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Posted by thepeteplan on April 26, 2008
The great thing about rowpro is that you can get together and train with friends anywhere in the world, as well as the added motivation of them seeing every split you pull throughout the training piece you row together. This morning I set up a 60min session on rowpro and was joined by two other people, one in Yorkshire, the other in the Netherlands.
60mins = 16221m / 1:50.9 / 24
Pacing was approximately 10min segments of 1:54, 1:53, 1:52, 1:51, 1:50, 1:49. I haven’t yet got around to setting the split lengths I want in rowpro though, and the PM4 defaulted to recording 3min splits. I was pretty much exactly on target for the first 50mins, and probably a bit faster than target for the final 10mins.
A good high volume first week completed now, with 5 weeks of phase 1 remaining before we each attempt either a 60min or half marathon test piece.
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Posted by thepeteplan on April 25, 2008
One of the worst things about a sport that is (generally) done inside is that once the weather warms up a little training can get quite uncomfortable. Physiologically it is harder when the temperature is higher, but also psychologically it feels harder when the gym is stuffy and you’re sweating earlier in a training piece. The weather is just starting to get to that point some days now, and unfortunately I train in a gym without air conditioning.
4k = 14:58.6 / 1:52.3 / 25
1500m = 5:03.1 / 1:41.0 / 30
1500m = 5:03.0 / 1:41.0 / 30
4k = 14:57.2 / 1:52.1 / 25
This is the type of session we are doing to keep some rowing in our programme at around 5k pace, and on average this format of session will be done once per week with intervals at 2k pace one week, and 5k pace the following week.
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Posted by thepeteplan on April 24, 2008
Have you ever wondered why triathletes call a session where you train on the bike, and then immediately go for a run, a “brick” session? Not quite the same format, but I decided tonight to do a 10k row then go straight out on the roads for a 10k run.
10k = 36:43.8 / 1:50.1 / 25
Steady 1:52’s to 7500m, then the last 5 x 500m splits were 1:50.6, 1:47.6, 1:45.5, 1:42.9, 1:37.2.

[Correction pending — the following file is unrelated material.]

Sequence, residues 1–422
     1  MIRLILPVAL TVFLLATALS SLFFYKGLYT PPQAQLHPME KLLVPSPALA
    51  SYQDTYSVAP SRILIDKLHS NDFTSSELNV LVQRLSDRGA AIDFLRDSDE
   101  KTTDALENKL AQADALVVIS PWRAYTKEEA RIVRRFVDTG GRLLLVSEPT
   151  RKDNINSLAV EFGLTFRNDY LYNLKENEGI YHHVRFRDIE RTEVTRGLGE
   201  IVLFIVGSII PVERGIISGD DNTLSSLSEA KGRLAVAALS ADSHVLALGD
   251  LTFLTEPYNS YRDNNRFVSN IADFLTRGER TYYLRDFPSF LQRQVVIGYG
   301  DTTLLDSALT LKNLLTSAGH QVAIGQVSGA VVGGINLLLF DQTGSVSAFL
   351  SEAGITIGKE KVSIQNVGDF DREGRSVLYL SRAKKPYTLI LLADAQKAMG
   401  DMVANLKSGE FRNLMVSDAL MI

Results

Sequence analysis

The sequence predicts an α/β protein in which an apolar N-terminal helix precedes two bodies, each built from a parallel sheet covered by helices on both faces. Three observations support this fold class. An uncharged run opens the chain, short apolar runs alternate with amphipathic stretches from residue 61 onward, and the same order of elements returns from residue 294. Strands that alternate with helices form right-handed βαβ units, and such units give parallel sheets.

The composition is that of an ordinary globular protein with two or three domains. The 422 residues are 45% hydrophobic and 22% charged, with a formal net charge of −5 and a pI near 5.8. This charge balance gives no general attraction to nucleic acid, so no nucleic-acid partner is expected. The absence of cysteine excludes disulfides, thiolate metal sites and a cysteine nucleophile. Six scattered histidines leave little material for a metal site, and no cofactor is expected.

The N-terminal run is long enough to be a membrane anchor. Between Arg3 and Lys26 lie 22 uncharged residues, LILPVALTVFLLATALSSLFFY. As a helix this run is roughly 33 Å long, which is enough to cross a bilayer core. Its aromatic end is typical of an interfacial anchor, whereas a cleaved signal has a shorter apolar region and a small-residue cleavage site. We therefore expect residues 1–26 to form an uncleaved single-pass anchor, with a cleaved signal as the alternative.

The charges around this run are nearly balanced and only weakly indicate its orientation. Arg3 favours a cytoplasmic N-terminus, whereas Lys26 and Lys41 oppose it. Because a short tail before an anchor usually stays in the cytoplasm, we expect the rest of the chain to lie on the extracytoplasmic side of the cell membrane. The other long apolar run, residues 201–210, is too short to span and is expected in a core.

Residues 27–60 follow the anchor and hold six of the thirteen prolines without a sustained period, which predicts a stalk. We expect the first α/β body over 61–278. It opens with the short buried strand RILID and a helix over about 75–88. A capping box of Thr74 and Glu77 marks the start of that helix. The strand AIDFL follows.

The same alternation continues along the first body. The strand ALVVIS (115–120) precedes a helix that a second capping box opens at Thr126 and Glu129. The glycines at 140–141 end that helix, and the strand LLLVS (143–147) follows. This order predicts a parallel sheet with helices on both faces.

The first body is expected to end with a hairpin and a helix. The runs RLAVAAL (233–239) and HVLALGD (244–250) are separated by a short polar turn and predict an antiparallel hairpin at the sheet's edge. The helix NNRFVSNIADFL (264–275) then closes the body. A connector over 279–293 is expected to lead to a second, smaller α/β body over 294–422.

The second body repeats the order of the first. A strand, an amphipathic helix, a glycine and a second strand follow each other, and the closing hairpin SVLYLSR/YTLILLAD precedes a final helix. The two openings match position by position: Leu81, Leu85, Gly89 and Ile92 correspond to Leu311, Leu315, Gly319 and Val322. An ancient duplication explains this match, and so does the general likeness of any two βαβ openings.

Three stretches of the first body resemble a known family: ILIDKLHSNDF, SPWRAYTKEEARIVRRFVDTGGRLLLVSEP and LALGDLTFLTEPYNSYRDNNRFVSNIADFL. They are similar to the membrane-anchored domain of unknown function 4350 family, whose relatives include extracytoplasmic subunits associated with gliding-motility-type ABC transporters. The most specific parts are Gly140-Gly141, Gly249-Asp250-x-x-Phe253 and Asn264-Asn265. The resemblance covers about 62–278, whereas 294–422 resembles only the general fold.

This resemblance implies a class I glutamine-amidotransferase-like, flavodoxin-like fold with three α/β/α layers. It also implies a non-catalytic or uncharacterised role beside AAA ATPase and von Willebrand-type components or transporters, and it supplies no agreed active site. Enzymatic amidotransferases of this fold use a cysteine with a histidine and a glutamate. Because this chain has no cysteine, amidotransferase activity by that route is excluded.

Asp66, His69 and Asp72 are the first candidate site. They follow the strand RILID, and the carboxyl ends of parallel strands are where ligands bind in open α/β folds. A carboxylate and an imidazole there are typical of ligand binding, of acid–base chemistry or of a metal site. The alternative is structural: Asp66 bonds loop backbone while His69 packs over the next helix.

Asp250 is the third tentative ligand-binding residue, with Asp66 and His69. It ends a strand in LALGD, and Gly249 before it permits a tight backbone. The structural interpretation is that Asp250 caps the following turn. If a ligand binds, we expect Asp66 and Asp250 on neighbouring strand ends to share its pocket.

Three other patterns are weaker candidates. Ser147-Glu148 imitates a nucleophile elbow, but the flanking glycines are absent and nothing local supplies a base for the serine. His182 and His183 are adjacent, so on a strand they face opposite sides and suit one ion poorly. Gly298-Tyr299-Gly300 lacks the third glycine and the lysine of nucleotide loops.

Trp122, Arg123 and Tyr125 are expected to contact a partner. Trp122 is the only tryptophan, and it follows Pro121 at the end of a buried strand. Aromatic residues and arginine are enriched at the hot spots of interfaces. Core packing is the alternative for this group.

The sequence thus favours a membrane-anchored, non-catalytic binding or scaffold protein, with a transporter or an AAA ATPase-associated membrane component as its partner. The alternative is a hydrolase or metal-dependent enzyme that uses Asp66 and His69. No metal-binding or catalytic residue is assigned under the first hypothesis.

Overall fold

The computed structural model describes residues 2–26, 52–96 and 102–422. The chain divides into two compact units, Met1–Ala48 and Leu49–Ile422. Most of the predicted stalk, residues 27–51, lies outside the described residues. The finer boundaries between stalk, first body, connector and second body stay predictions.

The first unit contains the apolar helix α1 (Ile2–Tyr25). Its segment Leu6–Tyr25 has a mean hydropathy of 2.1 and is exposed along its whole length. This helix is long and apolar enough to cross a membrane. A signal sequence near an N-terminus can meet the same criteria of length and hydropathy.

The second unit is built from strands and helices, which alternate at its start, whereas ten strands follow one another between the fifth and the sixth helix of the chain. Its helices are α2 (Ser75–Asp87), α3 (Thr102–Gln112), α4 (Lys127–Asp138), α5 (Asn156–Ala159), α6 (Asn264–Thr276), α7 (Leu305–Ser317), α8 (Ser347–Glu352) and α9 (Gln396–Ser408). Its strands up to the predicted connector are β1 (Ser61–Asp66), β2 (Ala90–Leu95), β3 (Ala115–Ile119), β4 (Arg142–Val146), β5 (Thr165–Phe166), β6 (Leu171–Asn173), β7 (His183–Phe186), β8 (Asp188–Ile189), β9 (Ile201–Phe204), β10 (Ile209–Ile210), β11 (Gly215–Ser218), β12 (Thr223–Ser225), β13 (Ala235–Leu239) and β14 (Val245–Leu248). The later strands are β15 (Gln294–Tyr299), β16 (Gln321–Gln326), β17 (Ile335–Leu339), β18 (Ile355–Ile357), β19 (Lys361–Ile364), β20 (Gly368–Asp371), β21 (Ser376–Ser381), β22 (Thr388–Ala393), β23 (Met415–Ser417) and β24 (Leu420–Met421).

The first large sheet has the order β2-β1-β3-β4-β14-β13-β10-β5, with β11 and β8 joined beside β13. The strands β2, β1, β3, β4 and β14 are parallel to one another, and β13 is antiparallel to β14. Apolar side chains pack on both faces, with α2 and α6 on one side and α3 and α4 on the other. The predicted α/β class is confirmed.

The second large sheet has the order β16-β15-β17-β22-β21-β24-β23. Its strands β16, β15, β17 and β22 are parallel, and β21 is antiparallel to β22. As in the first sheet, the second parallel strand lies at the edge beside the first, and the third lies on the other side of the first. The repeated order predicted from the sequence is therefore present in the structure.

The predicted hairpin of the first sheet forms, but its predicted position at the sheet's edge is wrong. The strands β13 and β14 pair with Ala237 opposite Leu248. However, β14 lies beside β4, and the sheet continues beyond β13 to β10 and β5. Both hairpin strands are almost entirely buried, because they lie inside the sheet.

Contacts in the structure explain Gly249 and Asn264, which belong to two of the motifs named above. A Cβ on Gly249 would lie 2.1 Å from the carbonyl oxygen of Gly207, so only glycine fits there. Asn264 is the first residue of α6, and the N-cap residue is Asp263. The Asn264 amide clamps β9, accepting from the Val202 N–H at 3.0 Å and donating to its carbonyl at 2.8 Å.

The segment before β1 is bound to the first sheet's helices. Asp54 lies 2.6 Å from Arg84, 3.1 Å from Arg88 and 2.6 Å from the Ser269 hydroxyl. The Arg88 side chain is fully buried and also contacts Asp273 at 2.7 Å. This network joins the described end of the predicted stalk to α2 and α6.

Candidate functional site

Quick change of clothes and glass of water than out on the road for a run time of 39:40. The first and last 10mins are on road, and the middle 20mins around a cross country course mostly on compacted, winding, trails.
This perhaps gave me an insight into why triathletes call this format of session a brick session, as my legs felt like bricks for the first 15mins. I thought I was running slowly to this point until I caught up with a group of 3 runners, and quickly passed them. I’ve run this route a few times before, and only once before broken 40mins. This is a good sign as I haven’t run in a few months, and have never run regularly at all.
Why the run? Well today was supposed to be an interval session, but work commitments meant I couldn’t get to the gym during the day, so training was left to the evening. I had a look on rowpro and joined the 10k with AndersB and SteveV, and decided to do a run afterwards. But why did I choose to run? I made a comment on a sporting discussion board at work that I thought I could run a sub 1hr45 half marathon just off the back of rowing training. Someone said “no you can’t, prove it”. Of course to go and run a half marathon with no running training at all at 87kg would be asking for an injury, or at least a week of walking funny. So instead I took up someone else’s challenge to try to run a HM closer to his HM running pb (1hr22) than he can get to my HM pb on the erg (just under 1hr15). Therefore I need to do a few training runs before attempting this, and at the same time to try to prove the point to the first challenger by going a good bit under 1hr45 with a little running training. The comment wasn’t purely ego driven, we were discussing the merits of cross training for a guy looking to run a HM under 2hrs, as he keeps getting injuries from running. My point was that I thought you could get fit enough to run a HM with other (low impact) training, and just run occasionally to get your legs used to the impact, without so much injury potential. Time will tell whether I was right…